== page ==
View of city from water while building and a ship go up in flames. Narrative under title.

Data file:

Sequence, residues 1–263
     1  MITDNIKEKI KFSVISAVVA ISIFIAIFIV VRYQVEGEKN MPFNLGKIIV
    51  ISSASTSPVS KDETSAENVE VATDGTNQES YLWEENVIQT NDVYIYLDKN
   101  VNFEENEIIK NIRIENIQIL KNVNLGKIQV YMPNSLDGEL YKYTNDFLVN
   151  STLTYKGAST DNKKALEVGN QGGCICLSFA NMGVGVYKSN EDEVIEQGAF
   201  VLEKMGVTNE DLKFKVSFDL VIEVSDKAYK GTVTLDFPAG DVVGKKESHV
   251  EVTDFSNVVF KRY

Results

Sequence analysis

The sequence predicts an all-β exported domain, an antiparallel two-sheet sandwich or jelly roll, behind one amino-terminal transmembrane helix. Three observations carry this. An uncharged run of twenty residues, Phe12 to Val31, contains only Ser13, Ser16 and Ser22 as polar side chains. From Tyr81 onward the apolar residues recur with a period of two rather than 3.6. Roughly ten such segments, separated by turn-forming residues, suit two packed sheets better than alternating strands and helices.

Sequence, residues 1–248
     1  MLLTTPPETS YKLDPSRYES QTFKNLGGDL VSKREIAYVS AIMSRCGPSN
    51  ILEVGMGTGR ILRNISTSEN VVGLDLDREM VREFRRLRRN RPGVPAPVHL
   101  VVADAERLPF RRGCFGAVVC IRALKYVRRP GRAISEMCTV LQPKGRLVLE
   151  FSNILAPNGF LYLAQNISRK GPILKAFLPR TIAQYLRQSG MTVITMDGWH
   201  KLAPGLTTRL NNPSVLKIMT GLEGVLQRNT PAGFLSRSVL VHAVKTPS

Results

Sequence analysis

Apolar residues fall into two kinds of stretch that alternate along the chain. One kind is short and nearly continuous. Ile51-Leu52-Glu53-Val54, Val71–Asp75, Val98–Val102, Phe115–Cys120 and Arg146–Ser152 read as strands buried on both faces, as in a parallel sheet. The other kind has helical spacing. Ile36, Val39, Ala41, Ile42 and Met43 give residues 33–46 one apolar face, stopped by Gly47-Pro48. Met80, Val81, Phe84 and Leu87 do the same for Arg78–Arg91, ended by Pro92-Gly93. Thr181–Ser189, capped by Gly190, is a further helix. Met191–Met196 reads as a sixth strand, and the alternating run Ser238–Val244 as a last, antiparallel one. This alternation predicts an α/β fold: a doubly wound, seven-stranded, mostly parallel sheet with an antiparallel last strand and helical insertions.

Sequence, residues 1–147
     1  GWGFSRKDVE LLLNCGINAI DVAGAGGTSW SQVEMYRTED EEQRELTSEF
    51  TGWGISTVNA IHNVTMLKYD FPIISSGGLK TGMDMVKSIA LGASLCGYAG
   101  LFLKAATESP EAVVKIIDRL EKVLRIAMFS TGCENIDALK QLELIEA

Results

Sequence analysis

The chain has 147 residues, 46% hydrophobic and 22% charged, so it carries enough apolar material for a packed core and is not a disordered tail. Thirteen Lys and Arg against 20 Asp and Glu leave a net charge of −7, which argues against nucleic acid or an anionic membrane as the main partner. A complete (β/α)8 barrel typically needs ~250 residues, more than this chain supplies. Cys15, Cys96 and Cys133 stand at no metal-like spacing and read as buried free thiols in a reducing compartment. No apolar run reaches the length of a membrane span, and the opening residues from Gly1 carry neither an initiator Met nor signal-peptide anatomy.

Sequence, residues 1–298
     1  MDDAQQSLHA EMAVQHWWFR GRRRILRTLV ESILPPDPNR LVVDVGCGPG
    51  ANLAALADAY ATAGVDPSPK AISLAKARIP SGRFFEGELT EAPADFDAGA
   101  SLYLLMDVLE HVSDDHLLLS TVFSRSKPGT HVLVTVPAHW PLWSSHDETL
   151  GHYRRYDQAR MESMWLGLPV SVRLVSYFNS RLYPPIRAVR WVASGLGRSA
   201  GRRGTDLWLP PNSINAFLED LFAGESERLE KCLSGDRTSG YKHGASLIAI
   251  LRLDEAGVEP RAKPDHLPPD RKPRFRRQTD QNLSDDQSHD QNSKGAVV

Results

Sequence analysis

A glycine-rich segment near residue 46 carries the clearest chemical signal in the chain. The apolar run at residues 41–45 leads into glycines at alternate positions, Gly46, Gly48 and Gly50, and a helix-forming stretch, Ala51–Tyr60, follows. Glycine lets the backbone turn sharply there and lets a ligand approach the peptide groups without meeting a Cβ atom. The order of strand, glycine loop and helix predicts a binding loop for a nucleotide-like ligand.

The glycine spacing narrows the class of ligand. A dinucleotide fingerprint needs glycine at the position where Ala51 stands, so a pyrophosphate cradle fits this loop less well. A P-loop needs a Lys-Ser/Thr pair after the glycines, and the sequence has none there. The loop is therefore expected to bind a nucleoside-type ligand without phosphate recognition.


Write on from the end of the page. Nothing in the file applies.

Currier & Ives recorded many catastrophes like the Great Chicago Fire, one of the largest disasters in the United States during the 19th century. Fire was a serious problem in American cities where buildings were built close together and constructed of highly flammable materials. The two-day Chicago fire began on the evening of October 8, 1871, and destroyed several square miles of the business district of the city, killed 500 residents, rendered 100,000 people homeless (out of 300,000 residents) and caused $200 million in property damage. Currier & Ives documented the fire at the height of its fury, with red flames licking the buildings and black smoke, fanned by high winds that evening, blowing through the dark night. The magnitude of the event is further emphasized by the absence of people in the print. The residents of Chicago proved to be helpless against the blaze and the fire finally burned out because of a rainstorm. The citizens immediately began to rebuild the city and 22 years later, Chicago hosted 21 million visitors to the World Columbian Exposition. The blaze was the basis of a song, Old Lady Leary, the first stanza of which reads: One dark night, when we were all in bed, Old lady Leary lit a lantern in the shed, And when the cow kicked it over, it winked its eye and said, There’ll be a hot time in the old town tonight. Fire! Fire! Fire! For many years, it was believed that a cow, belonging to Patrick and Catherine Leary, kicked over a lantern in their barn and began the blaze. In 1997, it was determined that Daniel “Pegleg” Sullivan, who first reported the fire and gave a deathbed confession, was trying to steal milk from the barn in order to make “whiskey punch,” and probably began the fire with his pipe.